Raising Awareness, Saving Lives (Including Your Own)

Thousands of American women (and hundreds of men) are diagnosed with breast cancer annually. Early detection and treatment are key to treating and containing this disease. Knowing your family history, getting regular exams and avoiding known cancer-causing foods and activities decrease your chances of developing cancer. Additionally, proper diet and exercise, avoiding smoking or using tobacco products, and drinking in moderation can help keep you healthier and reduce the chances of contracting certain types of cancer.

October is Breast Cancer Awareness Month. When detected early before it can spread to other parts of the body, breast cancer can be treated through radiation, drug therapy and surgery, and many cancer survivors live long, healthy lives. If you discover a persistent lump in your breast or any changes in breast tissue, it is very important that you see a physician immediately. Fortunately, eight out of 10 breast lumps are benign, or not cancerous. But women sometimes stay away from medical care because they fear what they might find. Women can take charge of their health by performing routine breast self-exams, establishing ongoing communication with their doctors, and scheduling regular mammograms. Men should speak with their doctor as well if they find suspicious lumps, abnormal skin growths, experience tenderness or experience other changes in their breasts.

For women, a mammogram remains one of the best tools available for the early detection of breast cancer. While women who have a family history of breast cancer are in a higher risk group, most women who have breast cancer have no family history. If you have a mother, daughter, sister or grandmother who had breast cancer, you should have a mammogram five years before the age of their diagnosis, or starting at age 35. Additionally, genetic testing is now getting a lot of attention, especially with high-profile patients like Angelina Jolie, who recently had a precautionary double mastectomy due to genetic profiling that found her at high risk of developing breast cancer. That case has given rise to many questions about genetic testing, its benefits, and ethical considerations that accompany testing and preventive surgeries.

What is genetic testing?                

Genetic testing looks for specific inherited changes (mutations) in a person’s chromosomes, genes, or proteins. Genetic mutations can have harmful, beneficial, neutral (no effect), or uncertain effects on health. Mutations that are harmful may increase a person’s chance, or risk, of developing a disease such as cancer. Overall, inherited mutations are thought to play a role in about 5 to 10 percent of all cancers.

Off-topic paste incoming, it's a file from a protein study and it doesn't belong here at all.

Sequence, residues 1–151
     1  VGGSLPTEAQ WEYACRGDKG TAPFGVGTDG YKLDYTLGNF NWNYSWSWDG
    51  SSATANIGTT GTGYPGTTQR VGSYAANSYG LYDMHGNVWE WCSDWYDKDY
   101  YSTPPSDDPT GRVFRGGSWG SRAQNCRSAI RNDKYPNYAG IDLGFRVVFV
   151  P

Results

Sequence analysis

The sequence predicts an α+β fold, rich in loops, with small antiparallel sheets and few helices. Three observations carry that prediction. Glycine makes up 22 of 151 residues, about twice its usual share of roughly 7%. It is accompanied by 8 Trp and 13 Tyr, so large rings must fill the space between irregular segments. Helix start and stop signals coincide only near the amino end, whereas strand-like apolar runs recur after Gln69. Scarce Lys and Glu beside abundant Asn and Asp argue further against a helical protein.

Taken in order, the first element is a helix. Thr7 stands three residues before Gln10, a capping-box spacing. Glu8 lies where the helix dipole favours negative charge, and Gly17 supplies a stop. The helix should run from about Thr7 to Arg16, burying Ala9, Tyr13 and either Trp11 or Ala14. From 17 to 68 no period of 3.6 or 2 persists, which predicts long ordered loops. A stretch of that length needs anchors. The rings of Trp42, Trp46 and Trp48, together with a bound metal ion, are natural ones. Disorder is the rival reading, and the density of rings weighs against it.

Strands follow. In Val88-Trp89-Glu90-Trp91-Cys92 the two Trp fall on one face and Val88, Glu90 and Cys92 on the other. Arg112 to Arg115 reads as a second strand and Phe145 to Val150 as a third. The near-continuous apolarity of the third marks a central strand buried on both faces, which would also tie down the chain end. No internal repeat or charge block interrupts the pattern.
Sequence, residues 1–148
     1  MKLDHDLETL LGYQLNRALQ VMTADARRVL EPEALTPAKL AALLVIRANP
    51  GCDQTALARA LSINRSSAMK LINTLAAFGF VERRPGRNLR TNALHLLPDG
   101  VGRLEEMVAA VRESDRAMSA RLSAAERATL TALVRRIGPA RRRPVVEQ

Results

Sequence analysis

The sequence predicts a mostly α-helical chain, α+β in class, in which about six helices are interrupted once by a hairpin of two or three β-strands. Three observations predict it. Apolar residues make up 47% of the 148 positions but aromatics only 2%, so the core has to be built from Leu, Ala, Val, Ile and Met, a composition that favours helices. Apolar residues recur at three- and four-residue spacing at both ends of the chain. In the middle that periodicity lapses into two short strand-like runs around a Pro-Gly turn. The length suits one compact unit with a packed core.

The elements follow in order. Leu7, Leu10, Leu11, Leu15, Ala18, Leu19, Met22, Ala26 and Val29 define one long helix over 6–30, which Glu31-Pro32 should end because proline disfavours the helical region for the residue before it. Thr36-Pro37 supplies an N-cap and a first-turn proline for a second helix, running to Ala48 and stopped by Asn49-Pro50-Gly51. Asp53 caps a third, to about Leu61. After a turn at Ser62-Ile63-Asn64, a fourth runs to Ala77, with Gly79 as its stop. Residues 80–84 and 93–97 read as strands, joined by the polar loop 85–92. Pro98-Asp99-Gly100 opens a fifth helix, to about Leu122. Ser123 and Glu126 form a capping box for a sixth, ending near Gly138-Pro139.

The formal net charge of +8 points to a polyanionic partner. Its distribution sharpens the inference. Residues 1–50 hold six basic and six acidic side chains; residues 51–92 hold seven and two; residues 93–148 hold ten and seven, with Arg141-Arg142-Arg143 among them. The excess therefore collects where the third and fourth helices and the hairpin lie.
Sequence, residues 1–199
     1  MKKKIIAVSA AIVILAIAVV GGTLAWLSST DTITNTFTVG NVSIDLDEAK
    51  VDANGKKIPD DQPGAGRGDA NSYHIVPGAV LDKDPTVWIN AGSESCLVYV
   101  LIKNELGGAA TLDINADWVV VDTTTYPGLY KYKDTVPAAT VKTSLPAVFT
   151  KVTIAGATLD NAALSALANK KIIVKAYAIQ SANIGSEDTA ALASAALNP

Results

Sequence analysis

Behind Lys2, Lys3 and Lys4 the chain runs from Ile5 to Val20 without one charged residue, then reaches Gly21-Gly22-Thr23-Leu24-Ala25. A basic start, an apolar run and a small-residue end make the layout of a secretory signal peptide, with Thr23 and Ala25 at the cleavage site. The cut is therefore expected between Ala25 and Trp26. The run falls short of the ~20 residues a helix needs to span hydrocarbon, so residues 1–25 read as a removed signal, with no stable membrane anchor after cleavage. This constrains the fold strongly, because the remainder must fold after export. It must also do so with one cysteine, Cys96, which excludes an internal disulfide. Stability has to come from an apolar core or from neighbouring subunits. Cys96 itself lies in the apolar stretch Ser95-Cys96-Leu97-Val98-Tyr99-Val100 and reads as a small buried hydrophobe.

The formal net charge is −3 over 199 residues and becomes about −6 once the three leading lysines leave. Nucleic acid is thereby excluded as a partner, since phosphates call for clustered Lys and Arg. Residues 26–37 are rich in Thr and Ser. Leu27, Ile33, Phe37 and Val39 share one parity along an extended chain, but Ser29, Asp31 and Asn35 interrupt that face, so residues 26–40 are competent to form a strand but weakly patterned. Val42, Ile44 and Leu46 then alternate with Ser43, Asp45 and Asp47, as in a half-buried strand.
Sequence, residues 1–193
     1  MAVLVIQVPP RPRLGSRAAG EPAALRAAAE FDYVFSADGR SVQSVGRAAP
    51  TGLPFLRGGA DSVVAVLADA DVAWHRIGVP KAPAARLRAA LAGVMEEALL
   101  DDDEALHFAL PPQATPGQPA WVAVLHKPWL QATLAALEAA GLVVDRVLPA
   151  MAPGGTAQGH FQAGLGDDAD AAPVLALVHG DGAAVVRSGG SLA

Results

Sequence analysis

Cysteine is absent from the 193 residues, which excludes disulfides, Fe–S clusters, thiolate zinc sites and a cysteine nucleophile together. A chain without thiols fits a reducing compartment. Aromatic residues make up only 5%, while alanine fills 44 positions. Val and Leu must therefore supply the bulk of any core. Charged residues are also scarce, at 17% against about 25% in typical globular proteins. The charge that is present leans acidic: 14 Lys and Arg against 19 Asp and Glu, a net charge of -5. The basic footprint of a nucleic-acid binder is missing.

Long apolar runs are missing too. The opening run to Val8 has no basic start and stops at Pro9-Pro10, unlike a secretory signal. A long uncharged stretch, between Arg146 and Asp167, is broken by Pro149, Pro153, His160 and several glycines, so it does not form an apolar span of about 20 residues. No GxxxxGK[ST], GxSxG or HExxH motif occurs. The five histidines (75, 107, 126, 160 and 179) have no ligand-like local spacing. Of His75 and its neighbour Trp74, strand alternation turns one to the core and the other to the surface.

Cancer can sometimes appear to “run in families” even if it is not caused by an inherited mutation. For example, a shared environment or lifestyle, such as tobacco use, can cause similar cancers to develop among family members. However, certain patterns such as the types of cancer that develop, other non-cancer conditions that are seen, and the ages at which cancer typically develops may suggest the presence of a hereditary cancer syndrome.

The genetic mutations that cause many of the known hereditary cancer syndromes have been identified, and genetic testing can confirm whether a condition is, indeed, the result of an inherited syndrome. Genetic testing is also done to determine whether family members without obvious illness have inherited the same mutation as a family member who is known to carry a cancer-associated mutation.

Inherited genetic mutations can increase a person’s risk of developing cancer through a variety of mechanisms, depending on the function of the gene. Mutations in genes that control cell growth and the repair of damaged DNA are particularly likely to be associated with increased cancer risk.

What do you need to know about genetically inherited diseases and genetic tests?

Here’s a short list of important facts useful to know concerning genetic mutations and testing:

  • Genetic mutations play a role in the development of all cancers. Most of these mutations occur during a person’s lifetime, but some mutations, including those that are associated with hereditary cancer syndromes, can be inherited from a person’s parents.
  • Inherited mutations play a major role in the development of about 5 to 10 percent of all cancers.
  • The genetic mutations associated with more than 50 hereditary cancer syndromes have been identified, and genetic tests can help tell whether a person from a family with such a syndrome has one of these mutations.
  • A genetic counselor, doctor, or other healthcare professional trained in genetics can help an individual or family understand genetic test results.
  • A high genetic likelihood of developing a certain type of cancer is not a certainty that a person will develop that cancer. The risks and benefits of precautionary or preemptive surgeries have to be determined on a case by case basis.
  • Often, discovering potential genetic mutations may lead a person to alter behaviors, diet and other aspects of health and wellness that can help improve quality of life and health without undertaking dramatic steps.

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Be sure to check out the CBIA Healthy Connections wellness program at your company’s next renewal. It’s free as part of your participation in CBIA Health Connections!